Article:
This is the historical justification for sabotaging children’s healthy sexual development, and a religious agenda is still part of what some scholars (e.g. Howard Gardner) call the “hidden curriculum” in schools today. The early Christian Church even included a sect that advocated the physical castration of priests. As a young man St. Augustine considered joining such a sect. But this hypothesis is disconfirmed by counter-evidence. There are individuals who are sexually uninhibited but nonetheless true believers and preach the wisdom of Jesus of Nazareth. (See Professor Polyamory’s blog in the right column under Blog Roll.) Although it seems intuitive that the more we focus on the body, the less we will focus on the spirit, there is no valid evidence that focusing on the spirit is fostered by mental castration. As far as we know, the opposite may be true: “inhibiting” healthy sexual development in childhood may actually foster the creation of hypocrites, and interfere with an adult’s capacity to sincerely focus on spiritual matters.

Hypothesis #2: Accurate, balanced, and comprehensive sex education would distract future adults from focusing on commercial production and consumption, and thereby harm the economy of communities and nations.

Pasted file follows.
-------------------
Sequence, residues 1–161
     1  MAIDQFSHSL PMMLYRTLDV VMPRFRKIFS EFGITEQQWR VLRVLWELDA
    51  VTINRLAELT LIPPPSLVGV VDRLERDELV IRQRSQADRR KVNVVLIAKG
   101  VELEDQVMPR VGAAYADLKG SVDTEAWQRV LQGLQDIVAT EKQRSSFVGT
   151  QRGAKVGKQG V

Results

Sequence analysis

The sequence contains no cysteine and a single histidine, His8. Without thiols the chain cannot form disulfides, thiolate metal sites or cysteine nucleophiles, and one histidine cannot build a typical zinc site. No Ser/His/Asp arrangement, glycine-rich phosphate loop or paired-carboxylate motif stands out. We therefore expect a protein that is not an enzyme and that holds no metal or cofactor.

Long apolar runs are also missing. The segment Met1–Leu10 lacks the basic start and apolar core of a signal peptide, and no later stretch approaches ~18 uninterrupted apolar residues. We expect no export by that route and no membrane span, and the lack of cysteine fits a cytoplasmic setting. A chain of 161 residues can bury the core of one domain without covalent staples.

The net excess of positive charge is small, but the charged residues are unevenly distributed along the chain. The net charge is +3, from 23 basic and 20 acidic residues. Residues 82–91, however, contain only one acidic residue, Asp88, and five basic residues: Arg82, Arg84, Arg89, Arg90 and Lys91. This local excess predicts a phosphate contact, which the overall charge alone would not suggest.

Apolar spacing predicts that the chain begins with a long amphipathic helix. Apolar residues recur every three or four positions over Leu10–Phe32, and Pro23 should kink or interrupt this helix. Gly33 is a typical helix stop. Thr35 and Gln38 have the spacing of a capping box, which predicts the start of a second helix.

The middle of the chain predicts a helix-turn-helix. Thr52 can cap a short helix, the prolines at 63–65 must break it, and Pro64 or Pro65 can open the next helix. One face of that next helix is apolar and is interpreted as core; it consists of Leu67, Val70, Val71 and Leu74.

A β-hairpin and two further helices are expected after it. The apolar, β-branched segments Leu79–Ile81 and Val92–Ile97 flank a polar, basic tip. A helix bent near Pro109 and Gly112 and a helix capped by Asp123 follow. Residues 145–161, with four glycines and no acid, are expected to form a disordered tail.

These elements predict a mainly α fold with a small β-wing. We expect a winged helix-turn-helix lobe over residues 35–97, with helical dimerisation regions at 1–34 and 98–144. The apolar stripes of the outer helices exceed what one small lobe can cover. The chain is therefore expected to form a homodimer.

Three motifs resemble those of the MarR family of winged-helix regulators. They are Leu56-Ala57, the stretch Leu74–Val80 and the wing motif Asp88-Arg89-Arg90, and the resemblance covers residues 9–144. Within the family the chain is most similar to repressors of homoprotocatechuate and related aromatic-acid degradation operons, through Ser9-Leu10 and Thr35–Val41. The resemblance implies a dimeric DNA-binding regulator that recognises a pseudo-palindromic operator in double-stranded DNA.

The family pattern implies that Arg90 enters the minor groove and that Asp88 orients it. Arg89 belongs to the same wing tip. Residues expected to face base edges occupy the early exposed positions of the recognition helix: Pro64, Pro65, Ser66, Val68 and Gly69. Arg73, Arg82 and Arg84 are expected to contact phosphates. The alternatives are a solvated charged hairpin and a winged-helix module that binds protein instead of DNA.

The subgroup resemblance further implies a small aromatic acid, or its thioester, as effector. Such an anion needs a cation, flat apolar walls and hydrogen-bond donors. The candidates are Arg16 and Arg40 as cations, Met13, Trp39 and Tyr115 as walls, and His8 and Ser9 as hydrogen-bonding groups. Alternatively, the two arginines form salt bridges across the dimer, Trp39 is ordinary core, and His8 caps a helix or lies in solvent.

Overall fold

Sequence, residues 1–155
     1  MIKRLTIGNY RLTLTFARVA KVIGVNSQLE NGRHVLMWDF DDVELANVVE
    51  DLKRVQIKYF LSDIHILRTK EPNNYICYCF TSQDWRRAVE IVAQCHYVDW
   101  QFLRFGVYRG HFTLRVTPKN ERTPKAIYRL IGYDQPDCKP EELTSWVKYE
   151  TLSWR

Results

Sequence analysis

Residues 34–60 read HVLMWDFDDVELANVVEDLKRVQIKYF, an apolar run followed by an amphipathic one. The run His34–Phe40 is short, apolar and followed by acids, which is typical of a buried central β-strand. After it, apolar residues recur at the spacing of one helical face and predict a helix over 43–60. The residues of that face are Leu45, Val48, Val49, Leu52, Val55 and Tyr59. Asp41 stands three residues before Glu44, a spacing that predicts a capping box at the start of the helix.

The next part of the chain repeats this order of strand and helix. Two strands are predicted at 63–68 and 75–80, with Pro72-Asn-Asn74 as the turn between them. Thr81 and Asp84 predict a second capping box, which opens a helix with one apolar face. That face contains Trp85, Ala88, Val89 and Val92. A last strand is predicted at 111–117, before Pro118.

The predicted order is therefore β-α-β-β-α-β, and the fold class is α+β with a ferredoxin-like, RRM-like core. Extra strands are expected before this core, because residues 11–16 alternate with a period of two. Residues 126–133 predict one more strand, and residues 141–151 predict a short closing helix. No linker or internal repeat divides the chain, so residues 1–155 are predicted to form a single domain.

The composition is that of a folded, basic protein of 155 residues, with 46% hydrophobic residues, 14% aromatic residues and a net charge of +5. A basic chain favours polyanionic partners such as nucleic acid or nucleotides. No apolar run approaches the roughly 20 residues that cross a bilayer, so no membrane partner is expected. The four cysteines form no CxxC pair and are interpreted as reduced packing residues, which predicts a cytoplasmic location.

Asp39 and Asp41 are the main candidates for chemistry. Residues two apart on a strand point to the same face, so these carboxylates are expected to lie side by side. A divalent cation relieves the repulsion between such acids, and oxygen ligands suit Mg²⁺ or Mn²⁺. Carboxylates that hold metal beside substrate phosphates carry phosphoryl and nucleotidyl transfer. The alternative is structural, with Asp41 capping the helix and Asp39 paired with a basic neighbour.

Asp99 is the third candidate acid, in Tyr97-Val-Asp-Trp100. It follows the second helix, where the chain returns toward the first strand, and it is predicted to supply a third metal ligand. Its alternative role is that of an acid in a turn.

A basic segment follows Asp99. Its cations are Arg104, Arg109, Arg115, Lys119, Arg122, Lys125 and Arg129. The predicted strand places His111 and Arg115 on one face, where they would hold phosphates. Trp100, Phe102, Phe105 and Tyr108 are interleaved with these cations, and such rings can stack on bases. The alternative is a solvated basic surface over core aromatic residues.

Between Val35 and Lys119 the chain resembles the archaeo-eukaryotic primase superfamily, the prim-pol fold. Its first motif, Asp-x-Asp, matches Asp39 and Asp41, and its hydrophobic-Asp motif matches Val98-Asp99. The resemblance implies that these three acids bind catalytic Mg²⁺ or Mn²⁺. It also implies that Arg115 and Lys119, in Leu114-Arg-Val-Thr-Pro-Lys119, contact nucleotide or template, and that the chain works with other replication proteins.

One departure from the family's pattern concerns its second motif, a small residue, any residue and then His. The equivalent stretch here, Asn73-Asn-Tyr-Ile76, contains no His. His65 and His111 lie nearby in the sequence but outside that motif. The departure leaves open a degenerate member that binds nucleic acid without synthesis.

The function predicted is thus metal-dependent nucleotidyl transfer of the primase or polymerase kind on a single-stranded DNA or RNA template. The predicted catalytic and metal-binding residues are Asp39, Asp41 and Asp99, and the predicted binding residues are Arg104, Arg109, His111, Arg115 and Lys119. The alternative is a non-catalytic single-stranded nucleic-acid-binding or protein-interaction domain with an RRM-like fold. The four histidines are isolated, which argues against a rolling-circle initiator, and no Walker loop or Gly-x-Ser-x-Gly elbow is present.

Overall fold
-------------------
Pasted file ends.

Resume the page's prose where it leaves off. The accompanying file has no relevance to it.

This hypothesis likewise fails due to counter-examples, such as my own personal experience. Despite my early exposure to sex and lack of sexual inhibition, I have always been highly materialistic, constantly looking for ways to increase my disposable income in order to buy the latest toys and gadgets, as well as useless but fascinating antiques. I’ve also spent tens of thousands of dollars vacationing in exotic places (45 U.S. states and 20+ foreign countries), instead of merely staying home and enjoying orgasms.  Although my early sex education was not accurate, balanced, and comprehensive, there is no reason to believe that better sex education in schools now would lead to the creation of adults who are less eager producers and consumers of non-sexual products and services in the future.

Hypothesis #3: Accurate, balanced, and comprehensive sex education would distract future adults from the need for self-defense and national defense, thereby leaving us vulnerable to attack and invasion.